On the flip side, with personal projects, the process takes on a more experimental and playful tone. Here, I relish the freedom to push my creative boundaries, constantly seeking new inspirations and enjoying the journey of exploration. It’s a dynamic duality that keeps my design approach fresh and vibrant, ensuring that both client projects and personal endeavors benefit from a blend of experience, skill, and creative freedom. 

Man Rides Sleek Escalator
License the photo via Rinneg.

Q: Where do you look for inspiration? 

K: In the dynamic realm of design, inspiration is a multifaceted jewel that I actively seek in various corners of the creative landscape. When embarking on client projects, my journey typically commences with a thorough exploration of the specific industry, current market trends, and the unique challenges inherent in the project. This initial research phase serves as a robust foundation, offering insights that shape and elevate my design concepts. 

In terms of specific resources, I find Pinterest and to be invaluable tools for curating a diverse array of visual inspiration. Resources like The Brand Identity and Brand New are my go-to sources for identity design projects, providing rich and informative insights into various projects. For my typography and poster works, I regularly visit and (Notebook Movie Poster of the Week section),  both serving as wellsprings of creativity. The timeless influence of Swiss Style is omnipresent in almost all of my works, underscoring its enduring impact on my design aesthetic.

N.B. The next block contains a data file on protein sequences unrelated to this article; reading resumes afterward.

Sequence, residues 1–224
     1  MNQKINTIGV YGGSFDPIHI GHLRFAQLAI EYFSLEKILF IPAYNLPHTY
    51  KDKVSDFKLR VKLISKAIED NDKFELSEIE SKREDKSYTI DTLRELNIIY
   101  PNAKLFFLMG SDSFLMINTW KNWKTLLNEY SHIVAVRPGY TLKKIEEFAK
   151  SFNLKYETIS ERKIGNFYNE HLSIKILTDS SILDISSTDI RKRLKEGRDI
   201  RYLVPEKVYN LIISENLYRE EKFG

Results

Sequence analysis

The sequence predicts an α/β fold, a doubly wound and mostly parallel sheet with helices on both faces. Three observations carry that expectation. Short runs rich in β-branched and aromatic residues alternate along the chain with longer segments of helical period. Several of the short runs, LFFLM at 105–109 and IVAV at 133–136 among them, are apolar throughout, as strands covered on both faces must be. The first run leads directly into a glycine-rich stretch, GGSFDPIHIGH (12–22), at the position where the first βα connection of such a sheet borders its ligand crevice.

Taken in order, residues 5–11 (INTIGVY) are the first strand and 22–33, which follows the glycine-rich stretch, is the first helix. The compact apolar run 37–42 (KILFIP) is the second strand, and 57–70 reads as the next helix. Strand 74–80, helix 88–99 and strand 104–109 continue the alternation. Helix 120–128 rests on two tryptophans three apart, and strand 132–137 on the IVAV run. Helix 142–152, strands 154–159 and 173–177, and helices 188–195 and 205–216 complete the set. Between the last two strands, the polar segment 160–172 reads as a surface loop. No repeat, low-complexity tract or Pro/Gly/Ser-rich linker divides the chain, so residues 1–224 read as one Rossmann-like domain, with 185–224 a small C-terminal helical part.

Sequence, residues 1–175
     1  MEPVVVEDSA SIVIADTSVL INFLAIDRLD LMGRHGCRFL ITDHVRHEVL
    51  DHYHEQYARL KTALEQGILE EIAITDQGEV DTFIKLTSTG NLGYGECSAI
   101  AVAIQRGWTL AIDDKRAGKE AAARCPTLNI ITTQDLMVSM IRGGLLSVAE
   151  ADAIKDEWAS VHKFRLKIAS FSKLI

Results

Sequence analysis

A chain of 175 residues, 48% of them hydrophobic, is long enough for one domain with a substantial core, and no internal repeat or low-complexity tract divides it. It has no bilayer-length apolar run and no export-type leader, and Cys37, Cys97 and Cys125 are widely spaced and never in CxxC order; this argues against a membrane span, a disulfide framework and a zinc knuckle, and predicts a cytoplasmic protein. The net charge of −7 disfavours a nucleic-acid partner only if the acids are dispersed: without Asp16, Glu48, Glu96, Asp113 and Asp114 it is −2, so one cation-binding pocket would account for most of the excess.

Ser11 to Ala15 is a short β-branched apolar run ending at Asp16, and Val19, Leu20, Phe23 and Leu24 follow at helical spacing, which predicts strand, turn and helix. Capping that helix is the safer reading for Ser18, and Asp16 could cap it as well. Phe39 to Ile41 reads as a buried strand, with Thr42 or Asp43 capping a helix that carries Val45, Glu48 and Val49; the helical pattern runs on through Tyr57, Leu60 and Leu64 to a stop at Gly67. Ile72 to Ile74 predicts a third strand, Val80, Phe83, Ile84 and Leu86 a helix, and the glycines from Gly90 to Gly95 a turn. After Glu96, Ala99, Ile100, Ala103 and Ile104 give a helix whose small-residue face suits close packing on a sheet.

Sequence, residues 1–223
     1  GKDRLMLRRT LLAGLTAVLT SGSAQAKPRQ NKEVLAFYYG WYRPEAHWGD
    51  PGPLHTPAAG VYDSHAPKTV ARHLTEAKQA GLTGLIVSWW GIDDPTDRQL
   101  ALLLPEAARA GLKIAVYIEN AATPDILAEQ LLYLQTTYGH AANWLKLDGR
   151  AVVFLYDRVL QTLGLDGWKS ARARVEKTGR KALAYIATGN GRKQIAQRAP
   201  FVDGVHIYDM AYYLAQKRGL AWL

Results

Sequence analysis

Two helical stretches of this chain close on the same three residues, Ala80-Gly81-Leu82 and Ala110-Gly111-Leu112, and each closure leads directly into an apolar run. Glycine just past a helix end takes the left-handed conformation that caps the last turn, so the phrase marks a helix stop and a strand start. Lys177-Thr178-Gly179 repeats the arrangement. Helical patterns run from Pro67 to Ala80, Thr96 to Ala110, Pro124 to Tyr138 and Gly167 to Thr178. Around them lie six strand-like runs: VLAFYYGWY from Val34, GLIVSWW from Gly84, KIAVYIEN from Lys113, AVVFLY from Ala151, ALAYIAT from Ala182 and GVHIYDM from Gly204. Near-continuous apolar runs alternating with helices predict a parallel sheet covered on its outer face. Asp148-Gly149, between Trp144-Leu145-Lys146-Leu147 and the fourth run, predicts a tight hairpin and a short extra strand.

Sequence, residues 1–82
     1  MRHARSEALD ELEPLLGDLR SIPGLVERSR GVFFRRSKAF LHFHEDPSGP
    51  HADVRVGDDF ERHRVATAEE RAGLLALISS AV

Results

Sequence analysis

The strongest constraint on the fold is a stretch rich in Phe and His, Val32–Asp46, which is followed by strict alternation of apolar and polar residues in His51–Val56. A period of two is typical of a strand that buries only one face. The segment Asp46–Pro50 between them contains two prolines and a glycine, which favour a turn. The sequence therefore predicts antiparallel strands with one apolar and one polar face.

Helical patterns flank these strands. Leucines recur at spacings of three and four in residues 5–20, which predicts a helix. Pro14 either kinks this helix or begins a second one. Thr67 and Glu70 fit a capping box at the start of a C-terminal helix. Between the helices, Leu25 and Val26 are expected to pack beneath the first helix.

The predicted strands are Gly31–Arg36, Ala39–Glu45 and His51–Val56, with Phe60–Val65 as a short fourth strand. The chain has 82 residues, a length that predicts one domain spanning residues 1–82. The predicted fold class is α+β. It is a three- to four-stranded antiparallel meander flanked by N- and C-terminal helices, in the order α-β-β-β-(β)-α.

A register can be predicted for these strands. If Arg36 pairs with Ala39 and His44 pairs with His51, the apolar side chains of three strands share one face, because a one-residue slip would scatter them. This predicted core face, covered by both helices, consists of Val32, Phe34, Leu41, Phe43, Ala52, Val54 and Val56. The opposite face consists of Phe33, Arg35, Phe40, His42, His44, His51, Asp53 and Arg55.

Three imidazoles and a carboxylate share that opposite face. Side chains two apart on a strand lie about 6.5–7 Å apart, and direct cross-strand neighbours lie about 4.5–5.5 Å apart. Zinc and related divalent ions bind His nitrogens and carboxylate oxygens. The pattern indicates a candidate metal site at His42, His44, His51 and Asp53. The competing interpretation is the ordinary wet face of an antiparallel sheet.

Man and doves
License the photo via GS & Co.

Q: How do you get your head back in the game when you’re feeling burnt out?

K: Design, like any creative pursuit, is invigorating yet demanding. When faced with the inevitable challenge of burnout, I’ve developed a toolkit of strategies to reignite my passion and recharge my creative energy. Firstly, I believe in the power of stepping away. Taking a temporary break from the project or design space allows me to gain fresh perspectives and clarity. Whether it’s a walk in nature, indulging in a favorite book, or simply disconnecting for a while, the distance often unveils new insights.